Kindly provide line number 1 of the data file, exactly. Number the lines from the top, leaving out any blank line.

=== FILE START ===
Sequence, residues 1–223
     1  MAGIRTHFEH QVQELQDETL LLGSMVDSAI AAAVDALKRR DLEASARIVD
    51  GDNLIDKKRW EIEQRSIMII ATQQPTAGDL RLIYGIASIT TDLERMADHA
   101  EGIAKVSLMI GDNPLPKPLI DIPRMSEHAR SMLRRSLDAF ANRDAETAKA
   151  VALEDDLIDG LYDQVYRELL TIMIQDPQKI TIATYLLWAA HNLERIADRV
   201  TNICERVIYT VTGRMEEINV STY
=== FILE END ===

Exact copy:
Sequence, residues 1–223